Did Egypt torpedo a Muslim-Jewish meeting in Rome?

Rome’s chief rabbi Di Segni (C) visits capital’s main mosque, 13 March 2006/Chris HelgrenIt would have been a first. The imam of Rome’s mosque was due to visit the city’s synagogue on Wednesday, but unexpectedly called off the meeting on Tuesday, citing unspecified logistical problems. Rabbi Riccardo Di Segni visited the mosque in 2006, so Imam Ala Eldin al Ghobashy would have been returning the compliment. It would have been an important symbolic step forward for inter-religious dialogue, right in the Vatican’s backyard.

Di Segni told journalists there had been “alarming signals from Egypt” indicating opposition to the visit among Islamic scholars there because of Israel’s recent blockade of the Gaza Strip. Italian newspapers said the signals came from al-Azhar University in Cairo, the leading centre of Sunni Islamic learning. Muslim leaders in Rome denied any intervention from abroad and blamed the delay on “excessive interest in the visit”.

Di Segni has said he hopes logistical problems were “the only motives that determined what we hope is a temporary delay”. We reported the reason given by Abdellah Redouane, secretary general of the Islamic Cultural Centre attached to the mosque, because that’s how he explained the decision. We’re trying to find out more, but this kind of story is notoriously difficult to nail down.

al-Azhar Mosque in Cairo, 13 July 2006/Suhaib SalemRegardless of whether al-Azhar was involved or not, there is a widespread suspicion among Italian journalists that the Middle East conflict has once again been “imported” to Europe. Look at the headlines — “Islamic veto, imam won’t go to synagogue” (Corriere della Sera), “Veto on imam, Roman Jews say it’s serious foreign interference” (La Stampa), “Roman Jews saddened by imam, the stop is serious foreign interference” (La Repubblica).

What do you think? Do some Muslims in Europe let inter-religious tensions elsewhere, such as in the Middle East, get in the way of better relations with other faiths in Europe? Or is this just an impression that headlines like those cited above create?

Is Al Qaeda’s Zawahri going YouTube?

Ayman al-Zawahri in his latest video, 17 Dec. 2007 Where did they get this idea from, the YouTube debates? Al Qaeda’s second-in- command Ayman al-Zawahri will take questions from around the world next month in a video interview. This news got buried a bit in the reporting on his latest video but I asked our correspondent Firouz Sedarat in Dubai for some more information. He says this looks like the first time that Osama bin Laden’s right-hand man will go interactive like this.

As-Sahab, the Al Qaeda online media outlet that broadcasts these videos, has asked its viewers to send in “brief and focused” questions for the elusive Egyptian. “We urge the brothers overseeing the gathering of the questions to pass them on without any changes, be they pro or con, and As-Sahab will do its best to issue the answers by Sheikh Ayman al-Zawahri to these questions as soon as possible,” it said. It gave no further details about the format.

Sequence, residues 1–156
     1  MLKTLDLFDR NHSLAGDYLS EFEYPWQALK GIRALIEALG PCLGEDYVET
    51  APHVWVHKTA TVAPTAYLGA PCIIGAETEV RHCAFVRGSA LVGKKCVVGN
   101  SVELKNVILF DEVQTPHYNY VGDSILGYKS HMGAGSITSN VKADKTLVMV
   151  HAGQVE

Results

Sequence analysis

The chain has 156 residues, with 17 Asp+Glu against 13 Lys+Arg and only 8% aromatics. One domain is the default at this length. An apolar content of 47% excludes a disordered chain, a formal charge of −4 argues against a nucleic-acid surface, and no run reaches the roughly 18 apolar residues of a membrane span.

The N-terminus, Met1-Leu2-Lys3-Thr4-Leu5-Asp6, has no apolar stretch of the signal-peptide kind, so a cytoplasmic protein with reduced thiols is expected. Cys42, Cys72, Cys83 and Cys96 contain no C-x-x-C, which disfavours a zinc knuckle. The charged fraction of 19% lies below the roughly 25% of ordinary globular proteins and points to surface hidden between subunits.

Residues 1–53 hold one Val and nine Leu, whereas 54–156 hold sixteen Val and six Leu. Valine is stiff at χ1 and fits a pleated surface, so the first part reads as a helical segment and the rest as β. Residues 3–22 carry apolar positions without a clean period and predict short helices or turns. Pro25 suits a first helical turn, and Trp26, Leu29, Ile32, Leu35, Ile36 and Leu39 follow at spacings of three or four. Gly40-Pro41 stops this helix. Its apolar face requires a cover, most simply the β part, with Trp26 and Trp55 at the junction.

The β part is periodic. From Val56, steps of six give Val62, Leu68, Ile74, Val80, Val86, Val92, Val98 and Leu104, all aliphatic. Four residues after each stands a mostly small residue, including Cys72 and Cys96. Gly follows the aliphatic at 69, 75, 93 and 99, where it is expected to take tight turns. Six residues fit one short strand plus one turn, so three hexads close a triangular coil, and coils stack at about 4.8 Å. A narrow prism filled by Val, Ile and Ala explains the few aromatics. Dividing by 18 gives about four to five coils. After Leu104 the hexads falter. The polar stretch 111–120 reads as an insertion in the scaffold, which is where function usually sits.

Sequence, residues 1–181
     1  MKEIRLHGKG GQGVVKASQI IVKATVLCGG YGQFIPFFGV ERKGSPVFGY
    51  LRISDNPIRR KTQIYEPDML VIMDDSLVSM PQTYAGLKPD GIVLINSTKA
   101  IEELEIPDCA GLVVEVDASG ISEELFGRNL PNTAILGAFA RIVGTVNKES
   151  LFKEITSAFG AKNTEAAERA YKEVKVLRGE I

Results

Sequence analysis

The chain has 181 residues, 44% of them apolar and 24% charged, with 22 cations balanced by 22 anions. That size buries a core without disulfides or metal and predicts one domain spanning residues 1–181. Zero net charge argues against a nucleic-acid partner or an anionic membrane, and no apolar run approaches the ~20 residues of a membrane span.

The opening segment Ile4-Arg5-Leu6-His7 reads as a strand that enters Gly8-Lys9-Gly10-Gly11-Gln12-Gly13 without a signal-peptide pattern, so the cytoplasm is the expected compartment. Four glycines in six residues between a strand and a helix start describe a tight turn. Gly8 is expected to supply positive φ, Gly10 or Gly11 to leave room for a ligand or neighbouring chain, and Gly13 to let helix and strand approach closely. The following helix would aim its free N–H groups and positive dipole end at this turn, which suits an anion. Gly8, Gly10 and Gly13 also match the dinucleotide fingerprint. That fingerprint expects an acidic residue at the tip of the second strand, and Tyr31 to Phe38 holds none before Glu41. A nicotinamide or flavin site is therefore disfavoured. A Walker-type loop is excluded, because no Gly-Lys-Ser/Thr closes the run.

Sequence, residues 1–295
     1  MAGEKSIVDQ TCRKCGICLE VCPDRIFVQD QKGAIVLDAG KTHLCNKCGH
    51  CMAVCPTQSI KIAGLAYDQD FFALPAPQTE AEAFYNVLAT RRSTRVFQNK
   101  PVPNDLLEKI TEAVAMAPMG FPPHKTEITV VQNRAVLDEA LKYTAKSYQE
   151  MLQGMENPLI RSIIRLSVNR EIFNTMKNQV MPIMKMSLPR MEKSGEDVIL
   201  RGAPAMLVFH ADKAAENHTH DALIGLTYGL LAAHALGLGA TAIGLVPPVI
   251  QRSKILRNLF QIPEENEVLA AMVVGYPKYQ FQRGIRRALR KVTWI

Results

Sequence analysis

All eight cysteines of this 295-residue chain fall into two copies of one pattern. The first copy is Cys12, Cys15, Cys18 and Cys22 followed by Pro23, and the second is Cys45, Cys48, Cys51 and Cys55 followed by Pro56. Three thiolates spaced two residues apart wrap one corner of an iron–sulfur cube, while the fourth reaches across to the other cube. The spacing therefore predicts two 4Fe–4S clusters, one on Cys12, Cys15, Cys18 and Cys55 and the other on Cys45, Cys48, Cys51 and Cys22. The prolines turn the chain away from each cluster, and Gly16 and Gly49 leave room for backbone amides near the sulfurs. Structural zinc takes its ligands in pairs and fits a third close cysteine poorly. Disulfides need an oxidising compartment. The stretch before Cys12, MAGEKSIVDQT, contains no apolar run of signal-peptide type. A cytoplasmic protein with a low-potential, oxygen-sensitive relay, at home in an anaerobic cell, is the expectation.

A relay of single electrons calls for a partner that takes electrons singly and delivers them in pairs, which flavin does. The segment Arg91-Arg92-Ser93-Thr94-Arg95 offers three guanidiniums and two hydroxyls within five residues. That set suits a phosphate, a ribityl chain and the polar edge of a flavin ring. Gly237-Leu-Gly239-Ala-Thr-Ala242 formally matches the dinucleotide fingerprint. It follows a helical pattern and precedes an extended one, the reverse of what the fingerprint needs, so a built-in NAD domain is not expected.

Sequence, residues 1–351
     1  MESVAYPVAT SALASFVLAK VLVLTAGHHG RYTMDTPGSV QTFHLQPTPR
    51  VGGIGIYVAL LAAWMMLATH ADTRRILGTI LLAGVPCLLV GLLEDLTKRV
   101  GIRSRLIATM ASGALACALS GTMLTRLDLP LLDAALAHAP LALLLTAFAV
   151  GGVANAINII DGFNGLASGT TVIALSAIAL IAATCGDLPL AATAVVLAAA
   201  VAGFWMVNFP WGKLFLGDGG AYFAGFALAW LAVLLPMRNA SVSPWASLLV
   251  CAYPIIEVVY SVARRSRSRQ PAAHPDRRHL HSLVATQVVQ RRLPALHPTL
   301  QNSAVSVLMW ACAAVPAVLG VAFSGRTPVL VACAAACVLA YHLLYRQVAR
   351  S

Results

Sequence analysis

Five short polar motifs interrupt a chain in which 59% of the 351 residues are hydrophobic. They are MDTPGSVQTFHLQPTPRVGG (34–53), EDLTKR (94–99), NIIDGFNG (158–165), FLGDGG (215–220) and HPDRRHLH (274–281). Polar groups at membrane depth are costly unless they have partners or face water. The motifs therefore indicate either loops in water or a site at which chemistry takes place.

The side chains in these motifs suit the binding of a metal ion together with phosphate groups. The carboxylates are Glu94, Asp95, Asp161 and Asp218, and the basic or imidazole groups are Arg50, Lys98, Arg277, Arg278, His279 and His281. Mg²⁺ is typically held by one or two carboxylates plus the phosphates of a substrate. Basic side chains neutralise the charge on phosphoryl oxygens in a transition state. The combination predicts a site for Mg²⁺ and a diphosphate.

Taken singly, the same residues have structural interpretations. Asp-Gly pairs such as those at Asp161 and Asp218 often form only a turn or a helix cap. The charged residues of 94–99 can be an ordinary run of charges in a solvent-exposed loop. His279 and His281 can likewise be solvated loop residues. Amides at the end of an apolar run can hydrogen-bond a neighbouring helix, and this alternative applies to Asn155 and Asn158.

Republican candidates take questions at the CNN/YouTube debate in St. Petersburg, Florida, Nov 29, 2007Zawahri himself didn’t mention any Q&A in the 97-minute video, so it’s not clear if he knows about the YouTube debates in his hideout. He talks about both religious and political issues in his videos, although his statements related to security issues usually grab the headlines. Among the religious issues in the latest video was an attack of Saudi King Abdullah for meeting Pope Benedict at the Vatican last month. In an unusually fast reaction, the Vatican responded by saying he seemed afraid of dialogue with other religions.

Catholic Islam expert gives Muslim dialogue letter high marks

Fr. Samir Khalil Samir, S.J.We noted here on Monday that the unprecedented appeal by 138 Muslim scholars for a real Christian-Muslim dialogue put the focus on how the Vatican would react. The only comment from Rome so far has been cautiously positive, saying it was “very interesting” and “encouraging” but going no further. Now one of the Catholic Church’s top experts on Islam has given his analysis — and he’s impressed by what he sees.

Father Samir Khalil Samir, S.J. is an Egyptian who heads the Research and Documentation Centre for Arab Christianity (CEDRAC ) at Saint Joseph’s University in Beirut. A genial polyglot whose native language is Arabic, he is as familiar with the Koran as the Bible and has written extensively about both religions. He was one of two Jesuit professors who lectured about Islam to Pope Benedict and the pope’s former PhD students (the so-called Ratzinger- Schülerkreis) at a private meeting in 2005. He can be both critical and sympathetic in his analyses, so a positive assessment from him carries weight.

“There is a lot of good in the document sent to Benedict XVI and Christian leaders,” reads the start of his analysis just published by the Rome-based Catholic news service He also points out what he calls “gaps and elements which provoke the need for deeper reflections.” Read the whole analysis here .